Staff Writer
PR & Influence
China’s 20th Party Congress — Review & Analysis

The 20th National Congress of the Communist Party of China (hereinafter referred to as the “Party Congress”) concluded successfully in Beijing on October 22, 2022. The once in every five years Party Congress is of great significance and far-reaching influence. At the opening ceremony of the Party Congress, Xi delivered a report containing 14,500 words in 1 hour and 45 minutes. The official report, authorized by Xinhua News, was released after the meeting. It contains 72 pages, around 20,000 words and 15 sections in total.

In their latest paper, Ogilvy PR’s teams in China look at what the 20th Party Congress report reveals about China’s trajectory and outline some of the key takeaways. The full paper can be downloaded further down below.

Executive Summary

One of the highlights of the 20th Party Congress is the presentation to the public of the new central leadership — the Politburo Standing Committee. In retrospect, while many now say the final lineup is unsurprising, beforehand few China watchers were able to accurately predict the outcome1. From the panic in the Shanghai, Shenzhen and Hong Kong stock markets (not to mention New York’s) after the meeting, it is apparent that many have lost confidence in the economic direction of the Party under this new line up. As a public policy counsel, Ogilvy’s advice to multinationals is to make your business decisions based not only on the dramatis personae, but also by reviewing the content of the 20th Party Congress work report itself.

The work report of the 20th Party Congress focuses on the long-term development direction and macro-level thinking of the Party. We see both consistency and course-correction in the policy directions set out in the report. We also see concerns addressed and questions that many had before the Congress answered:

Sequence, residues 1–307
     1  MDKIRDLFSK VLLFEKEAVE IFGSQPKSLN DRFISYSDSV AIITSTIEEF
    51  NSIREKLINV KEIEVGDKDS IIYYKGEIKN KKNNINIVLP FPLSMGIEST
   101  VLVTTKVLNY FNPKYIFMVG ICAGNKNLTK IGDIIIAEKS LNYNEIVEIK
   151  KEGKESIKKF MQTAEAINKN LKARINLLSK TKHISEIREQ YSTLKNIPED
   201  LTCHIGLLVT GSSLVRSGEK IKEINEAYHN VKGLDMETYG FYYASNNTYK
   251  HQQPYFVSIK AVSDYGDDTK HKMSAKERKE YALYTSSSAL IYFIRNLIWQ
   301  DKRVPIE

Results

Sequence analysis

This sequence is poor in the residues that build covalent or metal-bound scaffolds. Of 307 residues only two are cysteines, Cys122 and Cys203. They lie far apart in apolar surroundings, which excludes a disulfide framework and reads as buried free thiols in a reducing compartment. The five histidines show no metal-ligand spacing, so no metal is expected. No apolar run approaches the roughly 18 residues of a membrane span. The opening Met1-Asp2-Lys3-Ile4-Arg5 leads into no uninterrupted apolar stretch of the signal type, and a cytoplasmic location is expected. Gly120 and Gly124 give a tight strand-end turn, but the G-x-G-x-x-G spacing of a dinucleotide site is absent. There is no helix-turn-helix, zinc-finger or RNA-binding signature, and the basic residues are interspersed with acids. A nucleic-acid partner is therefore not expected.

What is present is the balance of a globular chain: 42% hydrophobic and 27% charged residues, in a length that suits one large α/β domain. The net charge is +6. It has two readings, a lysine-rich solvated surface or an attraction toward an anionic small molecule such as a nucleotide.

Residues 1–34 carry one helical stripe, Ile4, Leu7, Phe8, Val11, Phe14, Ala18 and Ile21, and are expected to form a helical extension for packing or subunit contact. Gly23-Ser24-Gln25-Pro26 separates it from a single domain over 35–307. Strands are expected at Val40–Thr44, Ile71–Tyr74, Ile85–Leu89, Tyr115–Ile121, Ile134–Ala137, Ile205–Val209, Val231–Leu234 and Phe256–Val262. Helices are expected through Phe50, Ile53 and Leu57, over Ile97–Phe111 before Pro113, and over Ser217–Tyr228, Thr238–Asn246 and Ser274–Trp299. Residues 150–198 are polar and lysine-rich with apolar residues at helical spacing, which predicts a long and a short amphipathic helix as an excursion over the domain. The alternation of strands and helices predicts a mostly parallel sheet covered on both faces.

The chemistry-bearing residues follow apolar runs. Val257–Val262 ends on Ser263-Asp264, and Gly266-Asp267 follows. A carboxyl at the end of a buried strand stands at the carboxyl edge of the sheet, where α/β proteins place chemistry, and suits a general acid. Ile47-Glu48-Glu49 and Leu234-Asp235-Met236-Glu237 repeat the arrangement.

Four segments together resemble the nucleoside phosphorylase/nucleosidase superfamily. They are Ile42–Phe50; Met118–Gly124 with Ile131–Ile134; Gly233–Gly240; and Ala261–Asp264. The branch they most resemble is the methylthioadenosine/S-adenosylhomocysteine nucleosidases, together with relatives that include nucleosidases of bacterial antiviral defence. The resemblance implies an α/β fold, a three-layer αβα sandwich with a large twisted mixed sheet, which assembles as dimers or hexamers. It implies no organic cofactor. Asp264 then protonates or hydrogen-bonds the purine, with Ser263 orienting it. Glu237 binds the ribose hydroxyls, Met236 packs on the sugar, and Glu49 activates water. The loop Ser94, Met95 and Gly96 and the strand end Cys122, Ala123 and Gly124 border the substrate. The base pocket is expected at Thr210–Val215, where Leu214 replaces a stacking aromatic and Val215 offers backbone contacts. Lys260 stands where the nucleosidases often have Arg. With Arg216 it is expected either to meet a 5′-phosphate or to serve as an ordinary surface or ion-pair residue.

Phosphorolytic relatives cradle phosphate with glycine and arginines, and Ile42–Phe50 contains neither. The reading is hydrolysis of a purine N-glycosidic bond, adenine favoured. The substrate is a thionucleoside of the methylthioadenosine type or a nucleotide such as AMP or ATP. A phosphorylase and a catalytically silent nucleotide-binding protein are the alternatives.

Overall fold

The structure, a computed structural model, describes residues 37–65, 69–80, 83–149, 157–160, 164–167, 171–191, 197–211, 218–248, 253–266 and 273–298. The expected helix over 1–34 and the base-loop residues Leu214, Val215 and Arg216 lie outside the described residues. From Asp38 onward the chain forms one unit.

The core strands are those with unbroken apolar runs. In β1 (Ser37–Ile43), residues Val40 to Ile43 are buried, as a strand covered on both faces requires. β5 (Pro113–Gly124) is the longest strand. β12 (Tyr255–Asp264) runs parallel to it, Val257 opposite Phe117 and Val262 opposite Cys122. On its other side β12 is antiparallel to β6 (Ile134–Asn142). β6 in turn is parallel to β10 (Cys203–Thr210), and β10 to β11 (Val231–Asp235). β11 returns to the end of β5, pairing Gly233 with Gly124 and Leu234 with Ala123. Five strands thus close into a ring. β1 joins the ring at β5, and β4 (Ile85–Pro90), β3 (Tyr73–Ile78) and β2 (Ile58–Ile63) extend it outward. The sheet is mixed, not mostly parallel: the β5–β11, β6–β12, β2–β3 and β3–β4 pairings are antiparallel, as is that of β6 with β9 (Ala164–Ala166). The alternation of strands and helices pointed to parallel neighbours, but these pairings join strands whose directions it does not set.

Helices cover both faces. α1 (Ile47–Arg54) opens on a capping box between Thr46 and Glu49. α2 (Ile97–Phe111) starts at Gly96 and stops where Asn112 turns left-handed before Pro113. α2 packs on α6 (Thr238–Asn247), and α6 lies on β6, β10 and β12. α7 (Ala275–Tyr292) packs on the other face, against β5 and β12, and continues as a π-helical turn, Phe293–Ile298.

– China will not abandon the “market economy” and will not return to a planned economy; instead, it will continue building a “high-level socialist market economy”.

– Dual circulation” should not be interpreted as China returning to isolation; instead, China will continue pushing for “high-level opening up” and increase its influence over international standard-settings.

– “Common prosperity” and “standardizing the mechanism of wealth accumulation” are not designed to “kill the rich and give to the poor”. Accumulating wealth and distributing wealth need to be achieved concurrently. China should not harm those who got rich first or discourage the development of the private economy.

In addition to answering some fundamental questions on China’s direction, the report also put forward some new concepts. It:

– Clearly put forward the concept and characteristics of “Chinese modernization” for the first time, which will be China’s goal moving forward.

– Further clarified the “new national security concept”, placing equal emphasis on “security” and “growth”.

– Emphasized the “country’s rejuvenation strategy through science and education” and “strengthening support for talent modernization”.

– Emphasized the development of the “real economy” and enhancing China’s ability to resist external risks. Independent scientific and technological innovation will be encouraged, and the platform economy involving data security will continue to face strong regulation.

– Proposed to expand the “institutional opening in the fields of rules, regulations, management and standards” for the first time, which means that China will launch a higher level of ‘opening up’.

The Party Congress did not specifically articulate any steps on China’s “dynamic zero Covid” policy, but policymakers are making preparations for an eventual exit — although when these policies may be implemented remains to be seen. Some expect to see improvements after the Two Sessions in March next year, while others expect a slower trajectory for relaxing Covid restrictions.

By convention, personnel decisions are made at the First Plenary session and policies are made at the Third Plenary session. The Party Congress only sets the macro-outlook. Specific economic policies will not be clarified until the Annual Economic Work Conference at the end of this year and the Third Plenum of the 20th Party Central Committee next year.

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